"It is very important that wastewater treatment plants meet their responsibilities, ensuring that we all can enjoy clean and healthy water, " said Robert W. Varney, regional administrator for EPA's New England Office. "Clean water is essential to a healthy environment. I am hopeful that Middlesex County is now on the path to meeting state and federal standards."
For more information, see: www.epa.gov/region1/pr/2005/feb/dd050204.html.
10 states, EPA to launch Clean Energy-Environment Partnership Program
WASHINGTON, DC, Feb. 17, 2005 -- On Feb. 18, the EPA will launch the new Clean Energy-Environment State Partnership Program with 10 states: California, Connecticut, Georgia, Minnesota, New Jersey, New Mexico, New York, Ohio, Pennsylvania and Texas. Under the voluntary program, the agency assists states as they develop and implement action plans to improve air quality, decrease energy use, reduce greenhouse gas emissions, and enhance economic development.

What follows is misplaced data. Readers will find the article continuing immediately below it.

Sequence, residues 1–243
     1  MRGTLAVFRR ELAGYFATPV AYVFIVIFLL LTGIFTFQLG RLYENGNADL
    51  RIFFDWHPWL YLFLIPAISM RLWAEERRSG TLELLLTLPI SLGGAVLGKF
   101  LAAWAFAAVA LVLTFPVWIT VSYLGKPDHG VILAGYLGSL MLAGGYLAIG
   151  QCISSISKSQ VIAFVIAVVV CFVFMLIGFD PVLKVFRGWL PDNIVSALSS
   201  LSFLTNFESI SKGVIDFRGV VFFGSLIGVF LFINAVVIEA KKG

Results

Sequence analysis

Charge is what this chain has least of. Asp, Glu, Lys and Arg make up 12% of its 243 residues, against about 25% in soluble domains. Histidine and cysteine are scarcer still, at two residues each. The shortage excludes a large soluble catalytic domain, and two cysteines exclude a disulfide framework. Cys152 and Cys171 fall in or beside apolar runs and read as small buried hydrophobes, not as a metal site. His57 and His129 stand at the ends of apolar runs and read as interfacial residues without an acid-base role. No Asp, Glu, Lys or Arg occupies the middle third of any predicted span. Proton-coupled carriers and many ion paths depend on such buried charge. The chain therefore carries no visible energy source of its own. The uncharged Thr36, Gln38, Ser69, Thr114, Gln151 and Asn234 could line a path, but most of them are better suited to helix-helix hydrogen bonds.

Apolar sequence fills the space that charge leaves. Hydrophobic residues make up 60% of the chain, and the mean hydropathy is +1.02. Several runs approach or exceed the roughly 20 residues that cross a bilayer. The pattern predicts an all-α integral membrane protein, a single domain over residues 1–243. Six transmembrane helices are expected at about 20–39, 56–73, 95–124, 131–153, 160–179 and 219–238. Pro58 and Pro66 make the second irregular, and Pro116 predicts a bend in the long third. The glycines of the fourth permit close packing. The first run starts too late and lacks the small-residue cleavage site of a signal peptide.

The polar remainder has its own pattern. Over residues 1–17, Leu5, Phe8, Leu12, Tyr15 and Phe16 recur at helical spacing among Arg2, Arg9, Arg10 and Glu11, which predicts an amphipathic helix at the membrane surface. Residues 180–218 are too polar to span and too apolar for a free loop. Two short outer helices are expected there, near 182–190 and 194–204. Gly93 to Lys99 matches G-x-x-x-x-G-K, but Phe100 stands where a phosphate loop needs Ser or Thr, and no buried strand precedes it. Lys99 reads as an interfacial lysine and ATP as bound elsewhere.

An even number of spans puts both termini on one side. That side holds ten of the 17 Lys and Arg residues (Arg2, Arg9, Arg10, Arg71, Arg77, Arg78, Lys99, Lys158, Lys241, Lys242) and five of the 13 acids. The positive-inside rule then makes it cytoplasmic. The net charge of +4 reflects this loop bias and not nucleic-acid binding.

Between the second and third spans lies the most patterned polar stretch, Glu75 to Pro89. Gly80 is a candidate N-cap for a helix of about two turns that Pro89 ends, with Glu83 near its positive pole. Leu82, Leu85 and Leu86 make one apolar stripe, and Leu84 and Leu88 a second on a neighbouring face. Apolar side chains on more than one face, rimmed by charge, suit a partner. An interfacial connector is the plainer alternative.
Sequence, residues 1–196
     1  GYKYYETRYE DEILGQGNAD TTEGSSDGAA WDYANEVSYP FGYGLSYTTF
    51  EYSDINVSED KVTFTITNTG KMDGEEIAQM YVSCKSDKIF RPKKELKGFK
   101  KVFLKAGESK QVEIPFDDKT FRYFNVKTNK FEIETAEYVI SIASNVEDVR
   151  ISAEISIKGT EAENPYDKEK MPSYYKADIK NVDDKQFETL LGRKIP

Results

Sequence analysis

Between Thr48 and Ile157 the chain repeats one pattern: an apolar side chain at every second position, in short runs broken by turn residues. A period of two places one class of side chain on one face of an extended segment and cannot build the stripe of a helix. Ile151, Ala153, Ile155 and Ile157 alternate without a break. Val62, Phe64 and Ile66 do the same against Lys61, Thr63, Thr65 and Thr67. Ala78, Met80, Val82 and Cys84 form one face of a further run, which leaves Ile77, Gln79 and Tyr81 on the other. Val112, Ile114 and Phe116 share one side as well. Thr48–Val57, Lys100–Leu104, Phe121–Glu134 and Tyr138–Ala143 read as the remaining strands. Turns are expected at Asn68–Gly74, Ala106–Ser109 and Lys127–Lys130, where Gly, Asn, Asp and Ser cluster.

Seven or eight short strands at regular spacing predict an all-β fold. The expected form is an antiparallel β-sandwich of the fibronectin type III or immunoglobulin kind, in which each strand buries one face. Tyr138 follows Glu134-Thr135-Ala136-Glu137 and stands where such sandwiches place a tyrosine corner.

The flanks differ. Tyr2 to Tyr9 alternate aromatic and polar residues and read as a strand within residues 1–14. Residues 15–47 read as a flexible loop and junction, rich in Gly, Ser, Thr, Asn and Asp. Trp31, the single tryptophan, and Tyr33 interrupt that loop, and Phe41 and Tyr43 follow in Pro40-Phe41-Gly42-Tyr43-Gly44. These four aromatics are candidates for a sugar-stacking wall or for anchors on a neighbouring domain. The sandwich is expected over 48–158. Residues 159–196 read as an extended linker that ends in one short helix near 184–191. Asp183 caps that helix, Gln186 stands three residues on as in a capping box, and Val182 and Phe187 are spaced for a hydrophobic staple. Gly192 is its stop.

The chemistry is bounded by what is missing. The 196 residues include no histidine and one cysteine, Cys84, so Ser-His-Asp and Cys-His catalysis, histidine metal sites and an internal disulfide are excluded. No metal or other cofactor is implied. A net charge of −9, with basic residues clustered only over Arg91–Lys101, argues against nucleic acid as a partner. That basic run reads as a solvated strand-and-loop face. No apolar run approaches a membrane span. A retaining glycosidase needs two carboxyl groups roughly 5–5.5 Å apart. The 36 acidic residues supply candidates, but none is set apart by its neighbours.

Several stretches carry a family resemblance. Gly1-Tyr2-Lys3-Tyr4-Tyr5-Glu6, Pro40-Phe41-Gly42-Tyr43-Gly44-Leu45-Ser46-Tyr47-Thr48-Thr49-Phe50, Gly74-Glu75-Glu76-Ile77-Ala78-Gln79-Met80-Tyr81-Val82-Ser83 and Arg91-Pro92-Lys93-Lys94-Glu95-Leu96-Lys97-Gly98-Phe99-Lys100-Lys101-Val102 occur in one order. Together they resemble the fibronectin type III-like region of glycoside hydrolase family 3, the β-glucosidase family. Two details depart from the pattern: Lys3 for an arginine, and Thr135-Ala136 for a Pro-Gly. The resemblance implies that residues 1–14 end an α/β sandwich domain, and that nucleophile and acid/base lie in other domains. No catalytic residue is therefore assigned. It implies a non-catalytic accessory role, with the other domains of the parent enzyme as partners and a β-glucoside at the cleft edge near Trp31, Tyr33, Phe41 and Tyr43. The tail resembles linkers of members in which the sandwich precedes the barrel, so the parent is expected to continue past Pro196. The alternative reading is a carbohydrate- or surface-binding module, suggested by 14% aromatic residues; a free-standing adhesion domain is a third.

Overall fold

"EPA is pleased to initiate a new effort to help states work on cost-effective energy and environmental strategies that make sense for their air, their electricity systems, and their economies," said Jeffrey Holmstead, EPA assistant administrator for air and radiation. "Through our joint efforts, the increased use of energy efficiency, renewable energy and other clean power options can help meet our nation's growing energy demand in a way that also supports our clean air goals, creates jobs and lowers costs."
With the demand for energy expected to climb 40% by the year 2025 and about 126 million people living in counties where monitored air is unhealthy at one time or more during the year, many states are seeking to integrate their energy and environmental policies to protect public health while addressing concerns with electricity reliability, energy security and economic development.